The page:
"I didn't hear anybody say that they were against it. I haven't heard any councilor say that they were against. I haven't heard anybody in this room say that," she said. "However, I did hear people come on and say that they weren't aware and they got a letter two weeks ago and they're trying to scramble to figure out what it's all about.
"Some said that they felt as though it's being rushed to be put in and it has not been pushed out to the public enough."
Councilors and the administration pointed out that there had been at least seven public meetings during which the zoning had been discussed, including a preliminary public hearing, a joint public hearing and a recent update. Information on the zoning was posted on the website and meetings had been posted and had been held over Zoom. There had also been coverage in the local news.
Harpin said she had been getting questions from citizens that she could not answer about the overlay district and that there were people who were having trouble trying to understand it.
"If we can just sit down and have a discussion with some boards and some drawings and some maps that aren't as big as this, trying to figure out what's happening," she said. "I don't think that's asking too much, I really don't think that's asking too much."
The councilor said she could only find about three hours worth of time spent on the zoning change during meetings and just over a dozen residents who attended the Zoom meetings.
"I would love to vote for this but I cannot vote for this knowing that there's community members in North Adams, some abutters, some that are going to be in the district, that don't understand it," she said.
Councilor Benjamin Lamb said the first meeting in February 2020 had been in person and that a "thorough overview" had been presented during a Zoom meeting in October of that year that lasted nearly two hours. He also thought an attendance of 14 at that meeting was a good turnout, based on his eight years as a councilor. The effort had been made to get minutes and presentations online, he said.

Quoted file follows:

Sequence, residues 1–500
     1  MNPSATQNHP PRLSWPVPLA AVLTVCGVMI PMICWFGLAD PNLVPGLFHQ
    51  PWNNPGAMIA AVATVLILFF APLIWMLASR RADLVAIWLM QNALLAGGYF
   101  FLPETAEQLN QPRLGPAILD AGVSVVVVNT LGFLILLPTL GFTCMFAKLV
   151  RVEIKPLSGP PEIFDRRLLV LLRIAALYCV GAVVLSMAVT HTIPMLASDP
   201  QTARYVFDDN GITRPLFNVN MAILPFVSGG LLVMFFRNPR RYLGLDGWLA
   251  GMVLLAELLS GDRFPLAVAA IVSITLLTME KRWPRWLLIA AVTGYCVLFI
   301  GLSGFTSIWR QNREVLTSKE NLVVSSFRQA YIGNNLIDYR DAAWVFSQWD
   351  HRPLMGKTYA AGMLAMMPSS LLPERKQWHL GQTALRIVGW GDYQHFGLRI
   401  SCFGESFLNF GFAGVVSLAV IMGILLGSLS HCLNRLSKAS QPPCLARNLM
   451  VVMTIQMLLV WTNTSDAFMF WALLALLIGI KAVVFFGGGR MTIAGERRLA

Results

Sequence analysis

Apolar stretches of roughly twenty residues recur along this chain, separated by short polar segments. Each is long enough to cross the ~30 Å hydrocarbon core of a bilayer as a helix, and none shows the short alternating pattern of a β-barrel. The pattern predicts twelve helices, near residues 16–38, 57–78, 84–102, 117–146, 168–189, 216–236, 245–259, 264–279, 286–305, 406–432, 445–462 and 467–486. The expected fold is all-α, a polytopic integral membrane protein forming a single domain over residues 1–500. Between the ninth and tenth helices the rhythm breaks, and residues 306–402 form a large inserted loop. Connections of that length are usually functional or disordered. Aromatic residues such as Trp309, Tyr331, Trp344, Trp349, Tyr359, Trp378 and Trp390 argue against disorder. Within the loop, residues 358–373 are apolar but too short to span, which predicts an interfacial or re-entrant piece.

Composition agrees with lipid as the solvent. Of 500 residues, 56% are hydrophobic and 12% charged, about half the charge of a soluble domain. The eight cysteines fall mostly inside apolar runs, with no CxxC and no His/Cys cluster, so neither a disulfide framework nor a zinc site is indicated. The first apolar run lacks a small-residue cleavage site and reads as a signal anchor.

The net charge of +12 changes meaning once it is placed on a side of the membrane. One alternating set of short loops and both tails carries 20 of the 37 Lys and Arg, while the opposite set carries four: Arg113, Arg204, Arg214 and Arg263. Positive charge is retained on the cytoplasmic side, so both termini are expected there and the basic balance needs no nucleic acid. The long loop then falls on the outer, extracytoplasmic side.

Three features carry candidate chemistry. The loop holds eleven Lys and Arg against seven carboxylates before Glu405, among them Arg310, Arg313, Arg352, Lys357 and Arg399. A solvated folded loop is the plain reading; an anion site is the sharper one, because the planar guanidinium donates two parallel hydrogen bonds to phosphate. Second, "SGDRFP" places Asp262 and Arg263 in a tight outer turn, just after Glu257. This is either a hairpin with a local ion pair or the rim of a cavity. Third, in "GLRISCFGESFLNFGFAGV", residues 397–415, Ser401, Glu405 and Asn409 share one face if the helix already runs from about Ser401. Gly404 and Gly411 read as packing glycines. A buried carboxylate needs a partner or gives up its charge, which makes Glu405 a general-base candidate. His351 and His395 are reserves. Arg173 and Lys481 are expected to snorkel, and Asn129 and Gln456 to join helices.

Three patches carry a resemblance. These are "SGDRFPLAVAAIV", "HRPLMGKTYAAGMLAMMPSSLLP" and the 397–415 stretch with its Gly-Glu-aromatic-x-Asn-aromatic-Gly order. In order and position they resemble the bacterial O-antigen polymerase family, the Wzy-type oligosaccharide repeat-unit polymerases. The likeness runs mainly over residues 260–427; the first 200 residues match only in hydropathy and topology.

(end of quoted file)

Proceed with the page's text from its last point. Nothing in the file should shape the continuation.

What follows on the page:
"I think it's important to note that this has not been fast tracked, so to say," he said. "This started at the beginning of this term, so it's coming up on almost two years of public facing work, let alone the work that's happened in the actual department, which I don't know how far back that goes."
He also took exception to the notion that using Zoom somehow meant they couldn't do anything. Fortune 500 companies and Congress kept working virtually, he said.
"I think that it is our duty and our responsibility to continue doing the work and not just pause because we're scared of Zoom as a group," Lamb said. "You cannot necessarily require people to pay attention at a given point. You just hope it gets out there enough that they can pay attention to it and understand it over the duration we've been distributing it."
No one suggested that the zoning change go to committee and the ordinance was passed to a second reading with Harpin the only no vote. Councilor Jessica Sweeney was absent.
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NORTH ADAMS, Mass. — Wentworth's Maddy Foster scored 30 points and pulled down nine boards to lead the Leopards past the MCLA Trailblazers, 60-48 this evening in non-conference women's basketball action.
Foster went 13-for-19 from the floor and added a pair of steals in the win. Teammate Abriana Busbey added 10 points and a game best 13 rebounds for Wentworth.
After one quarter the game was tied at 10-10. Wentworth (1-4) outscored MCLA 8-0 to start the second quarter to take an 18-10 lead. The lead grew to 11 points at halftime.
Out of the locker room the Leopards quickly extended the margin to 15 points at 32-17 but MCLA (0-7) did not go quietly. The Trailblazers used an 11-2 run fueled by Shannon Carney and Emily Burke to pull within six at 34-28 midway through the third quarter.